conclusions lead to absurdity via a dialectical reductio ad absurdum form of argumentation there is no need to examine the arguments which generated them. Some philosophers may balk at the thought of a novel methodology which does not engage with a philosophers arguments in a traditional manner. Nevertheless there are ample precedents in the history of philosophy for the use of novel
9

T.R.V. Murti, 1955, p.145.

methodologies. The method

argument in a case study using the

dialectic is to use your opponents own epistemic criteria of truth, in this case the laws of Aristotelian logic, and a dialectical reductio ad absurdum form of argument. The schema of this argumentative pattern of refutation is If P then Q; but not-Q; therefore not-P.

The method of tradition. It

the dialectic is

not in any particular philosophic

may use the language of analytic philosophy, or

phenomenology, or existentialism but the arguments are not inferences drawn from within these, or any other philosophic tradition. This avoids epistemological problems, in the case study, with quoting experts, or using arguments from a tradition. An expert is someone whose authority comes from the tradition in which they are an acolyte. The tradition becomes the epistemology for any texts produced within the tradition. The tradition is a continuity of practitioners with a disciplined methodology, a lineage of peers, a blood line based upon a common discourse, a praxis, a library, vocabulary and a set of received ideas; in other words a doxology which any one who wishes to enter the ranks of must agree to. In philosophy there are the traditions of analytical philosophy, Marxism, existentialism, phenomenology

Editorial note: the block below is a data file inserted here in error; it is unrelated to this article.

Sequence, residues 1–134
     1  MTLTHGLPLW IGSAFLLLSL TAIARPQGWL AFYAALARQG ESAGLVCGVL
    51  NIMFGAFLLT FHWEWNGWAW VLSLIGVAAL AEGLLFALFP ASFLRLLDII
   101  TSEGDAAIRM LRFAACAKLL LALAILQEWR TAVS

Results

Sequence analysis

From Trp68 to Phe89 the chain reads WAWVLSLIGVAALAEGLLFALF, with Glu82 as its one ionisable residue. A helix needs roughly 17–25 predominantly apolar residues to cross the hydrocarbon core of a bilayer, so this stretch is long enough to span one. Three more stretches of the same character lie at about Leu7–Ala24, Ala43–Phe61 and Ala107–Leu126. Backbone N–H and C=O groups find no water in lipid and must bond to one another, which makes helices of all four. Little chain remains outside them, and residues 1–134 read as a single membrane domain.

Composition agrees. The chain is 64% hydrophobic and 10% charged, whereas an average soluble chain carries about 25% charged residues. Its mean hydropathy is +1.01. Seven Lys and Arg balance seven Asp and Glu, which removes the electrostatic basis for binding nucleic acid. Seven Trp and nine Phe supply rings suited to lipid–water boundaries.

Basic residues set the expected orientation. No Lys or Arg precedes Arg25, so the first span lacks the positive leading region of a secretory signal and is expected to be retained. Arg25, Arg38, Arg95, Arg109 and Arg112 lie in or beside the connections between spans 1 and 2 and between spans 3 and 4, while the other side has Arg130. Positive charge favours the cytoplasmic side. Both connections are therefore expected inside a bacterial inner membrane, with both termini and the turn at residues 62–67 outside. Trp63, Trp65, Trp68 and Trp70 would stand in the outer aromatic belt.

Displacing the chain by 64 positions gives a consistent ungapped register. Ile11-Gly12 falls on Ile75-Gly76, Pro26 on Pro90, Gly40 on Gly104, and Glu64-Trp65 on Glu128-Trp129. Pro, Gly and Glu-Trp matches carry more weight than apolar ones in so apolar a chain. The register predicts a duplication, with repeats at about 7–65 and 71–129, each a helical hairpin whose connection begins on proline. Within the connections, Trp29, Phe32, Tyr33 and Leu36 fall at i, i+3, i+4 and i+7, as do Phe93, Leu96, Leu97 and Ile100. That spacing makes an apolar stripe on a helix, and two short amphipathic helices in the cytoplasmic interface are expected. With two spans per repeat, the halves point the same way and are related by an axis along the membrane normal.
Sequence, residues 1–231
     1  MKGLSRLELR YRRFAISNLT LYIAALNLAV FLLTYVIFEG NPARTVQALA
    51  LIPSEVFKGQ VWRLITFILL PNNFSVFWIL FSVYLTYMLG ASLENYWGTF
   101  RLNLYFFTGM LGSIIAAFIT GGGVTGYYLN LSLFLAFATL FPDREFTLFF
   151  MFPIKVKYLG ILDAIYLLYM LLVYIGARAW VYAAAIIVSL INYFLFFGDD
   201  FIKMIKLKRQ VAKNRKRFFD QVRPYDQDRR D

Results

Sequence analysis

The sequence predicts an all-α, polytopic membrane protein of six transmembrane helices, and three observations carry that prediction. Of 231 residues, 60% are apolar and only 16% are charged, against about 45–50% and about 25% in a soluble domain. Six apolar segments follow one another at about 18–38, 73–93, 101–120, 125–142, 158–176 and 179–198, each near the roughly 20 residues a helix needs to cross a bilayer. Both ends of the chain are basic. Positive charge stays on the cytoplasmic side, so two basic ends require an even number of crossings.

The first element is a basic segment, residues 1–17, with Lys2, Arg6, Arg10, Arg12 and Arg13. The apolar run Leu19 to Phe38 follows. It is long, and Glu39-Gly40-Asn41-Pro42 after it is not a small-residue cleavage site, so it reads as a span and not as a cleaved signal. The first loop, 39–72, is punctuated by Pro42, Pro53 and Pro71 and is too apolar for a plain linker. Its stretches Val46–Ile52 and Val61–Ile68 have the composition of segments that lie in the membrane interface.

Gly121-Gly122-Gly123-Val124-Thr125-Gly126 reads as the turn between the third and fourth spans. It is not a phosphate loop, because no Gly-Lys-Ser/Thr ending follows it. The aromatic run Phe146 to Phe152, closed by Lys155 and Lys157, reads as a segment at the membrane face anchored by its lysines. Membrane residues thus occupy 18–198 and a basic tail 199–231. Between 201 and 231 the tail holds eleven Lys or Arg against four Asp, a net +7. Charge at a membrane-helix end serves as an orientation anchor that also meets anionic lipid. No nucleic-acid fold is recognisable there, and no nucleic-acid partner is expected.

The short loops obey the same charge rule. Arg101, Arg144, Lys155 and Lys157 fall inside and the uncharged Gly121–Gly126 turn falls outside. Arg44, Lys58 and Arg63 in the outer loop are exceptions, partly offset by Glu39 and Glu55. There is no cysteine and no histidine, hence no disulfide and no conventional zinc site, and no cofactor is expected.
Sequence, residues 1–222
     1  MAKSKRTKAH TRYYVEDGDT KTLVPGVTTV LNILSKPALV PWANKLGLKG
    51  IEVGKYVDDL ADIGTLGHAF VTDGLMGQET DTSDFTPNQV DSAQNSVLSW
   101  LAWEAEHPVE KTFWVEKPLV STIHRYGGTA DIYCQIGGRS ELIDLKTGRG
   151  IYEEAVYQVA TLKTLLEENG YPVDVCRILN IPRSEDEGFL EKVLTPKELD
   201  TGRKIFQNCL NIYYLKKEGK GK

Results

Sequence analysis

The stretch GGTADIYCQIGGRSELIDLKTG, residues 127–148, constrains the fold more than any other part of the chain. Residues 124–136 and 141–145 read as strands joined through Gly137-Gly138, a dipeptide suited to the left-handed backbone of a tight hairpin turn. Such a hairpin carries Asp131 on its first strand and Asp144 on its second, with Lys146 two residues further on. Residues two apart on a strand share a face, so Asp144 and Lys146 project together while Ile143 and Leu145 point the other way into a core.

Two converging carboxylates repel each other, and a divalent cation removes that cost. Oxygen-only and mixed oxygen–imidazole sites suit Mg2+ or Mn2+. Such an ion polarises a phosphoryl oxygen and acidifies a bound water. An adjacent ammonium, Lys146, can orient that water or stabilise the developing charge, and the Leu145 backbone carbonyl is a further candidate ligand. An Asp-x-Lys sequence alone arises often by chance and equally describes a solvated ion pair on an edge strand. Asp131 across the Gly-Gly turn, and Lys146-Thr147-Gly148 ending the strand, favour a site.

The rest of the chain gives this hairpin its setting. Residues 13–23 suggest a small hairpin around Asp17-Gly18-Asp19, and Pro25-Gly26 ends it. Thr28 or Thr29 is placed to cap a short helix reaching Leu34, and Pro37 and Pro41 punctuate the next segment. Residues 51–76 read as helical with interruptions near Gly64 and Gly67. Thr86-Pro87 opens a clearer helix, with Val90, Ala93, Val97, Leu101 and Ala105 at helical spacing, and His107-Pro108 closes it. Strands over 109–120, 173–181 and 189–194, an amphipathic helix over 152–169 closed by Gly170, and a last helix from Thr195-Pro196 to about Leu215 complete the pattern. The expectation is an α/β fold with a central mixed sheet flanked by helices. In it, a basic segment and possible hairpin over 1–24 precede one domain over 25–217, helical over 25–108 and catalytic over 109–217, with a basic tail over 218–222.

hermeneutics amongst others. Each with its own received ideas, texts, lineage and vocabulary (i.e. intensionality, commodity fetishism, bad faith, eidetic, and the hermeneutical circle for example). The

philosophical traditions have no existence outside its discourse, the philosophy, texts, vocabulary by which it is continually produced. It is the tradition which gives credibility to the philosophy which is produced with in it rather than the originality of the philosopher. The

philosophy is created out of the pre-existing information and texts deposited in the tradition by its experts. Thus a tradition is a closed universe. The philosophy of a tradition is created within the tradition out of the tradition. A work within the tradition is made up of authoritative citations of antecedent authority. New ideas are judged in terms of the citations and the predecessors and their perspectives and ideologies become the guiding lines for new theses. The tradition is a research area of consensus and an interchange of ideas which set the problems and appropriate paradigms for its research and results. All these elements of a tradition highlight the fact that original creation is really the mythology of creation. The works of predecessors (texts) the institutional life of practitioners (universities) all go to diminish the original creation of an acolyte. The tradition is a consensus on what sorts of statements or texts are to be given credibility and who is allowed to be thought of as a philosopher. A tradition or philosophy is thus a regulated area of ideas dominated by imperatives, perspectives, texts, methodologies and biases best suited to the tradition or philosophy. The tradition or philosophy is pronounced upon researched and administered in a particular manner.

Thus, in a dialectical case study, rather than using a tradition as a epistemological fount it uses instead the implicit tool these traditions use as the arbiter and method of the generation of their truths (i.e. Aristotelian logic). In other words a dialectical case study rather than being produced within a tradition steps outside of all traditions and uses what they all agree to be their tool for uncovering truth namely

Aristotelian logic. Your method is to use dialectical and reductio ad